Rep. John Conyers announces retirement in wake of sexual harassment allegations

What You Need to Know - John Conyers

Update Dec. 5, 3:05 p.m. EST: U.S. Rep. John Conyers, the longest-serving member of Congress, submitted his resignation Tuesday afternoon after announcing earlier in the day his plan to retire amid concerns for his health and allegations that he sexually harassed several women who worked for him.

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The Democratic congressman said Tuesday in a letter addressed to House Speaker Paul Ryan and House Minority Leader Nancy Pelosi that his retirement was “effective today.”

Original report: Longtime Rep. John Conyers announced Tuesday that he will retire in the wake of allegations that he sexually harassed several women who worked for him.

He endorsed his son, John Conyers III, to replace him during an interview Tuesday morning on WPZR's "The Mildred Gaddis Show."

“My legacy can’t be compromised or diminished in any way by what we’re going through now,” Conyers said. “This too shall pass. My legacy will continue through my children.”

The announcement came amid growing calls for Conyers’s resignation.

House Minority Leader Nancy Pelosi, D-California, called for the congressman to step down last week just days after she called him an “icon” of the Democratic Party. Conyers, who was first elected to the U.S. House of Representatives in 1964, was the longest-serving member of Congress, with 52 years of service.

"The allegations against Congressman Conyers ... are serious, disappointing and very credible," Pelosi said. "It's very sad. The brave women who have come forward are owed justice. I pray for Congressman Conyers and his family, and wish them well; however, Congressman Conyers should resign."

>> Related: Rep. John Conyers hospitalized amid sex harassment accusations, calls for resignation

On Monday, a woman who said she worked for Conyers for more than a decade said he slid his hand up her skirt and rubbed her thighs while she was sitting next to him in the front row of a church.

Elisa Grubbs made the allegation in an affidavit released late Monday by her attorney, Lisa Bloom. Grubbs is the cousin of another accuser, Marion Brown, who reached a confidential settlement with the congressman over sexual harassment allegations, but broke the confidentiality agreement to speak publicly last week.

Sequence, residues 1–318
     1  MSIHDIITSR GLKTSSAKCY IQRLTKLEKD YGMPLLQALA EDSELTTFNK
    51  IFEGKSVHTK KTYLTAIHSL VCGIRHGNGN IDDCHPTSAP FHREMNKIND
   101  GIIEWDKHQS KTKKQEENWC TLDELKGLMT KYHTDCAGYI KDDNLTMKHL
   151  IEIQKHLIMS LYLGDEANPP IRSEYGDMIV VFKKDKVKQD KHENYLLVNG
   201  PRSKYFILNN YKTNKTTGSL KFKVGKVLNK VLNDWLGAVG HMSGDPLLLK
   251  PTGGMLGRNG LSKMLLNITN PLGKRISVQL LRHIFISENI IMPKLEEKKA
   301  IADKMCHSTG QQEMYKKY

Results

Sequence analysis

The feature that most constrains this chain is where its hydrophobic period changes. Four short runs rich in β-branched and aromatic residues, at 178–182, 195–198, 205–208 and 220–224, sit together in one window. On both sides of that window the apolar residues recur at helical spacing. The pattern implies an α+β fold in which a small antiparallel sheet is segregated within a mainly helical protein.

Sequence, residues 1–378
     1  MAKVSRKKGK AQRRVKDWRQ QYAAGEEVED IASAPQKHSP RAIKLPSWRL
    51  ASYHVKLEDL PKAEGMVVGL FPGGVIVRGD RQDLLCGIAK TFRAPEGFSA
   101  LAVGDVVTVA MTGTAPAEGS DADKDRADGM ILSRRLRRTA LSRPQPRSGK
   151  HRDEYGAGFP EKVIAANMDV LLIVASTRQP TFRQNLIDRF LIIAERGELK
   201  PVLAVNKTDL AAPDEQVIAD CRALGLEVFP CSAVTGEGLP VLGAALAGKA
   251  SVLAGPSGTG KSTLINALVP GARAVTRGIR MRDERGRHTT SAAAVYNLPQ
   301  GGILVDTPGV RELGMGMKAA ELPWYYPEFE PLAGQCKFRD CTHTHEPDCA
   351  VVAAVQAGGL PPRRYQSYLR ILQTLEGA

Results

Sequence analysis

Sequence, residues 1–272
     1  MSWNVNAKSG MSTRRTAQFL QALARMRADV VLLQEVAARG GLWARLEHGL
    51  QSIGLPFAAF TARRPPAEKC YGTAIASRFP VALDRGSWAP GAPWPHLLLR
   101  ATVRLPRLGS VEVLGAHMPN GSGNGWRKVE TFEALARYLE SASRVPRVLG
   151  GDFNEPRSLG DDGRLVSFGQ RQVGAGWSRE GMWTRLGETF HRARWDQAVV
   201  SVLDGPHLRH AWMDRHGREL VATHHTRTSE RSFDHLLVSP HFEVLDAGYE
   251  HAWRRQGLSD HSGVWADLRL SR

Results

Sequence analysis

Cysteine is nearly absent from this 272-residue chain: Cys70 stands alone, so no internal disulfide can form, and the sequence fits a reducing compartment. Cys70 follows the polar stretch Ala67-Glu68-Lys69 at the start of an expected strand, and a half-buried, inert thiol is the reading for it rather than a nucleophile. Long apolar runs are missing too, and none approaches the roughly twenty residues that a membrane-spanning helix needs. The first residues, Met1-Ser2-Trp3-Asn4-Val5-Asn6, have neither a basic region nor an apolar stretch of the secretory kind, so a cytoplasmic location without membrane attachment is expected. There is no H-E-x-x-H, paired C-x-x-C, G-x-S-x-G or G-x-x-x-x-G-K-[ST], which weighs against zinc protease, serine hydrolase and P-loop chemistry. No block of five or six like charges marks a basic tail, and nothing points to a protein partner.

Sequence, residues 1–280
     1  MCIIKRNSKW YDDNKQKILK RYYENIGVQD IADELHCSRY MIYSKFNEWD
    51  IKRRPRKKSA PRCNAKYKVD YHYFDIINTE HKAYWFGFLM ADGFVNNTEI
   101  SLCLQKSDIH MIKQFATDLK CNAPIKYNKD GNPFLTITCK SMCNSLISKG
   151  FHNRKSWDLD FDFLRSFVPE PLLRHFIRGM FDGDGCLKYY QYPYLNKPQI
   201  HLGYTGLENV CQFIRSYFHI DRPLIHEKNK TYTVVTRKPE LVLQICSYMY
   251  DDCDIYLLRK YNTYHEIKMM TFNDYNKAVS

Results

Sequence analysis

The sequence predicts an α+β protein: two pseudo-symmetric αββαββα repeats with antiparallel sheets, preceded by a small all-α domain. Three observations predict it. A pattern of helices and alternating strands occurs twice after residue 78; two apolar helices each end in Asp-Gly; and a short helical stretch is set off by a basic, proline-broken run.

Brown, who worked for Conyers in a variety of capacities from 2003 until 2014, told NBC's the "Today" show last week that the lawmaker "violated my body, he's touched me in different ways."

“It was very uncomfortable and very unprofessional," she said. “It was sexual harassment -- violating my body, propositioning me, inviting me to hotels with the guise of discussing business and propositioning for sex.”

At least four other former staff members have accused him of inappropriate behavior, the Detroit Free Press reported. He has denied any wrongdoing.

Explore>> Related: Conyers steps aside from House Judiciary Committee post

Michigan state Sen. Ian Conyers, the 29-year-old grandson of John Conyers's brother, earlier told The New York Times that the 88-year-old Democratic congressman planned to announce that he would not run for re-election. The elder Conyers's attorney, Arnold Reed, declined to address the report Tuesday.

"I have not spoken to Ian Conyers and no one is aware of the congressman's plans except he and I and his wife," Reed wrote.

Reed said at a news conference last week that John Conyers alone would decide whether he would step down amid growing pressure from his Democratic and Republican colleagues.

"They're not going to determine whether Congressman Conyers resigns," Reed said. "He's not thinking about that. He's thinking about his health -- he's thinking about getting well."

John Conyers was hospitalized last week with what a family spokesman called a stress-related illness after complaining of feeling light-headed.

Reed has said John Conyers' health would be the paramount consideration in whether he decides to step down from his House seat.

The Associated Press contributed to this report.

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